When I was in junior high, we had to take home ec. I was on a different path; I wanted bright lights and big cities, even then. I wasn't interested in those things my mom and grandmothers did: sewing, quilting, embroidery, gardening, cooking. I viewed them as weights holding me back. (Shop class, however, got my seal of approval. Go figure.) I never finished my home ec skirt, and I really didn't care.
Fast forward to college, where I was pursuing a theatre degree. We were required to put in mandatory crew hours, either in props, costumes, scene shop, etc. I tried hard enough to not annoy my costume teacher, primarily because I really respected her, but it was clear I did better in the scene shop. I learned to read scenic drawings, and I was given the role of crew chief my freshman year. I feigned toughness, and would climb huge A-frame ladders that were crowned with a vertical portion that went straight up, all the while hauling a lighting instrument with one hand. When I hit my mark, I would hook my leg around a rung, pull my wrench from my pocket, and hang the light. When I was done, I'd skitter back down and do it again. I helped assemble rolling scaffolding that would become my workplace for weeks as I headed a paint crew. I ran band saws and table saws and miter saws, and, for the most part, I liked it.
Meanwhile, back in June Cleaverville, by necessity, my cooking skills were called upon. It was like they had always lurked under the surface. I came from a make-it-from-scratch background. TV Dinners were a rare treat. Brownies, cookies, and cakes did not come from boxes. My talent in the kitchen is something that just emerged one day, like a hibernating bear, and I have put it to good use.
As I navigated my way through my arts career, I sought respite outside of the stresses of work. While no one in my family knitted (one grandma dabbled in crochet), knitting was always calling me. My neighbors (Pakistani girls who had been taught by an aunt who was Swiss and who married into the family) taught me a cast on and knit. I couldn't purl and I couldn't bind off. Finally, when I was in my late 20s and living in Chicago, I took a class that led me down the path to stash and fiber content and color, color, color.
I dabbled in hand stitching every now and again, but nothing serious. A few months ago, I became aware of the work of Richard Saja and his whimsical toile pieces. I was smitten. Starting with Vegas Elvis (meets Our Lady of Guadalupe) eating a big piece of bacon, I am creating my own Rock and Roll Toile of Fame. Elvis has left the embroidery hoops, and Bruce and the Big Man are on deck. David Bowie, Jack Black, and Annie Lennox await their turns in the wings.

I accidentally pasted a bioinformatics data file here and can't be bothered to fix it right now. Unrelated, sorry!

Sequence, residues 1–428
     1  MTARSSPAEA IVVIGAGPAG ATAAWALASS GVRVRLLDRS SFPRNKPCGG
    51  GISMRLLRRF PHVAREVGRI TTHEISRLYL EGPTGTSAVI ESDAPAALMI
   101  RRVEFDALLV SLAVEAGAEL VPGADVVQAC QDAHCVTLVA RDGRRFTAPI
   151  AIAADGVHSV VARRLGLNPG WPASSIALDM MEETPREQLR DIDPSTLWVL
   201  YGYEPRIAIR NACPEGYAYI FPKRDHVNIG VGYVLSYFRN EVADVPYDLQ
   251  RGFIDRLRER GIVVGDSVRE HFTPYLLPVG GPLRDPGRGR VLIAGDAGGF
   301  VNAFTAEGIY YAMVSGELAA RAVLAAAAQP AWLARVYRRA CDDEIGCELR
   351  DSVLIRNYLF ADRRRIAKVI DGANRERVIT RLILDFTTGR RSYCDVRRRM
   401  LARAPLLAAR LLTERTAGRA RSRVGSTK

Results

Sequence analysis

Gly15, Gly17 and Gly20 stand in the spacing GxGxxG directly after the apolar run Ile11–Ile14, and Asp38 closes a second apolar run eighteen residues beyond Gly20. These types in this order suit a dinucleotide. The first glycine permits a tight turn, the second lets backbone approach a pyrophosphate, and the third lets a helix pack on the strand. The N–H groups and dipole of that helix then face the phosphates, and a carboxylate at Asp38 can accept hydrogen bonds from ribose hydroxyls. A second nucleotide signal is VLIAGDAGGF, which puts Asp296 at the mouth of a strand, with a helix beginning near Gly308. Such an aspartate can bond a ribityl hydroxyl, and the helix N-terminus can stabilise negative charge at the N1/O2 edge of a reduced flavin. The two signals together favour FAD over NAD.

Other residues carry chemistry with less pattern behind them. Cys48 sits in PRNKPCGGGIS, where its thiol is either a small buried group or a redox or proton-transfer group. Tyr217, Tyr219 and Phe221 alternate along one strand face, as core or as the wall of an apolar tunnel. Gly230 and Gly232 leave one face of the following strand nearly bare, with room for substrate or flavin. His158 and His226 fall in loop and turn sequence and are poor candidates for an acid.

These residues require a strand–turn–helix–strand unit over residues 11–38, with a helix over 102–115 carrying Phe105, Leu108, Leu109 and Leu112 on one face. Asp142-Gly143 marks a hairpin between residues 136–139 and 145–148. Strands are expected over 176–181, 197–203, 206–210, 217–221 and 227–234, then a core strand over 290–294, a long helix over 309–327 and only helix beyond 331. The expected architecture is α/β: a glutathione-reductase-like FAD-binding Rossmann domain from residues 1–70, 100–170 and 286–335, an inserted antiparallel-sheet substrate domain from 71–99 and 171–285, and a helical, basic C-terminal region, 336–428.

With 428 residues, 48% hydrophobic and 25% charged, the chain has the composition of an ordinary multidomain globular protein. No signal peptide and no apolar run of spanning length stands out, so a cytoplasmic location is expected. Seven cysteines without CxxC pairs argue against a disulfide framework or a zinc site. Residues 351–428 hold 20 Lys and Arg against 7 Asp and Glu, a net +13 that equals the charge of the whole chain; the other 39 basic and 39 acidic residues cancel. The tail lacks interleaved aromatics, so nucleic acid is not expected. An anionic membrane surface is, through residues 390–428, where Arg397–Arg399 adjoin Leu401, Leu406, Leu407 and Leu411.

Just recently, my focus has shifted to sewing...machine sewing. I had a Singer sewing machine (the treadle kind in a lovely wooden cabinet) that was in my bedroom during my teen years. When my parents split, mom moved some things to her parents' for safe-keeping, and unlike the hoarders found in her progeny, my grandmother strips away all but the necessary, and she gave the sewing machine to her brother, who gave it to his wife whom he later divorced, and she subsequently sold the machine out of the family. All the while, my grandmother had no idea how much I wanted the old Singer. At the time, I was living my life touring the country doing theater, so there was no place for me to keep it. After it became clear that my great-grandma's machine was never coming back, I set out looking for one that was similar, which I finally found an antique shop just a few blocks from my house. It's not the same, but it's close, and the price was reasonable. Now it's become my sewing totem. Ever since it was delivered, I have been amassing patterns and fabric at a mad pace. I wash and iron the pieces, I sort, I cut, I sort some more. I have yet to sew (my electric Singer machine needs to move upstairs), but I have big plans.